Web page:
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Out of Annapolis last week came news that should make the children of America—and their parents—perk up their TV-jaded ears—and possibly even move a sedentary muscle or two. In a meeting of the President's Conference on the Fitness of American Youth, 140 conferees concluded that the declining state of American children's muscles is a present danger and that quick—and presumably enjoyable—action is imperative to prevent the next generation from being unable to move at all.
Although the conference chaired by Vice-President Nixon had political overtones, it resulted in independent and concrete action.
In addition to specific recommendations to combat youth's unfitness the conference called for the organization of a fitness group within the government, plus a citizens' group to work with the federal one. President Eisenhower, from his hospital bed, promptly responded by promising to create 1) a Council on Youth Fitness at the Cabinet level to give top priority "to this most important field and to better coordinate the activities of some 35 federal agencies," and 2) a Citizens Advisory Committee on the Fitness of American Youth composed of key citizens in fields appropriate to fitness, "to examine and explore the facts and thereafter to alert America on what can and should be done."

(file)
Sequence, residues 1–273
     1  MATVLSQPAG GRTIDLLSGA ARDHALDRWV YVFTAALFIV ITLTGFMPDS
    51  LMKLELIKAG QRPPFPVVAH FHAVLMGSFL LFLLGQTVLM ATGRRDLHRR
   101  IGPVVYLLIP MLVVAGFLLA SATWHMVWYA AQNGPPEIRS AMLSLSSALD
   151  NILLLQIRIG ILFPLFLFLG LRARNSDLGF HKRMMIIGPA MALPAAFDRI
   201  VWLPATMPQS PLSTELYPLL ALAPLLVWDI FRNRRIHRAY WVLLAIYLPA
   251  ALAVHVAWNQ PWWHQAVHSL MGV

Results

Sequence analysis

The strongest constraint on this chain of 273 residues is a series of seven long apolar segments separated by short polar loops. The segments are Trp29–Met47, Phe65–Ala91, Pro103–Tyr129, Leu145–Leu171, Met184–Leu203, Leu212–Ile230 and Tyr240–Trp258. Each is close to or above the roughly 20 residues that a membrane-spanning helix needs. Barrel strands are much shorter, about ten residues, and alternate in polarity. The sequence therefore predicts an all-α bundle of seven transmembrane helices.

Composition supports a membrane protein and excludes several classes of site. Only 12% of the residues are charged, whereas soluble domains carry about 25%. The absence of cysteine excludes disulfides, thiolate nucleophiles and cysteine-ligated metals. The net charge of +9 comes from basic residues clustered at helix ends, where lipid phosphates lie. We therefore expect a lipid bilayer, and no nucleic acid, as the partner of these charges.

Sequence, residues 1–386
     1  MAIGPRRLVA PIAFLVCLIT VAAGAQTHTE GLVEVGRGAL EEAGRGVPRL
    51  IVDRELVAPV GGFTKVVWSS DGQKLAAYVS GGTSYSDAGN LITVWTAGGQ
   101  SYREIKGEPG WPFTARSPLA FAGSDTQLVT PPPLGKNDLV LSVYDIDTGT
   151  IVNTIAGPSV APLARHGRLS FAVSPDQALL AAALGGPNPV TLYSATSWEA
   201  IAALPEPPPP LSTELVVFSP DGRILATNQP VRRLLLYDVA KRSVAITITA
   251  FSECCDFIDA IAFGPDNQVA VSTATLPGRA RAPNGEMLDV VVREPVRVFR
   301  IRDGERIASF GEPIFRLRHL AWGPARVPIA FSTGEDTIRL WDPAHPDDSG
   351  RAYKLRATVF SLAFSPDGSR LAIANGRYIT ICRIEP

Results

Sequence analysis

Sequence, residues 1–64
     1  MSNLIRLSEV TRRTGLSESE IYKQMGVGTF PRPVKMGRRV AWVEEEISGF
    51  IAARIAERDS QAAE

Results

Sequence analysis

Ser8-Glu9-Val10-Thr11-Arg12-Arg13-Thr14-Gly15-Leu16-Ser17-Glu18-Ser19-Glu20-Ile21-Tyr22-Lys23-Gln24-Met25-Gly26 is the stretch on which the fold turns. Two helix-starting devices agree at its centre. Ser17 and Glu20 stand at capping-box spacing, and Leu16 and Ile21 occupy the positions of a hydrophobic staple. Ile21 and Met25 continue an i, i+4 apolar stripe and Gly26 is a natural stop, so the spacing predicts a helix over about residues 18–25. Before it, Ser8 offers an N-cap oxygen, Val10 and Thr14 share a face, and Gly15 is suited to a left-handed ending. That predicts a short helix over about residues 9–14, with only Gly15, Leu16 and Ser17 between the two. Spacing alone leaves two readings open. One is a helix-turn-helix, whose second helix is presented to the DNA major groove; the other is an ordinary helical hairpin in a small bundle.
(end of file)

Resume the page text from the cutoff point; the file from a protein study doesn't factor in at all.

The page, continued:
The conference recommendations, as summarized by Dr. Samuel M. Brownell, U.S. Commissioner of Education; Mrs. Rollin Brown, president of the national PTA; Dr. W. W. Bauer of the American Medical Association; and Kenneth L. (Tug) Wilson, president of the U.S. Olympic Committee, were:
?Total fitness means mental, spiritual and physical fitness.
?The public must be made aware of the problem of establishing and maintaining fitness.
?Fitness must be popularized and promoted among children.
?Research on fitness is needed to decide what kind, how much, etc.
?Funds should come from private industry, foundations, community chests and a greater share of the tax dollar allocated to community recreation.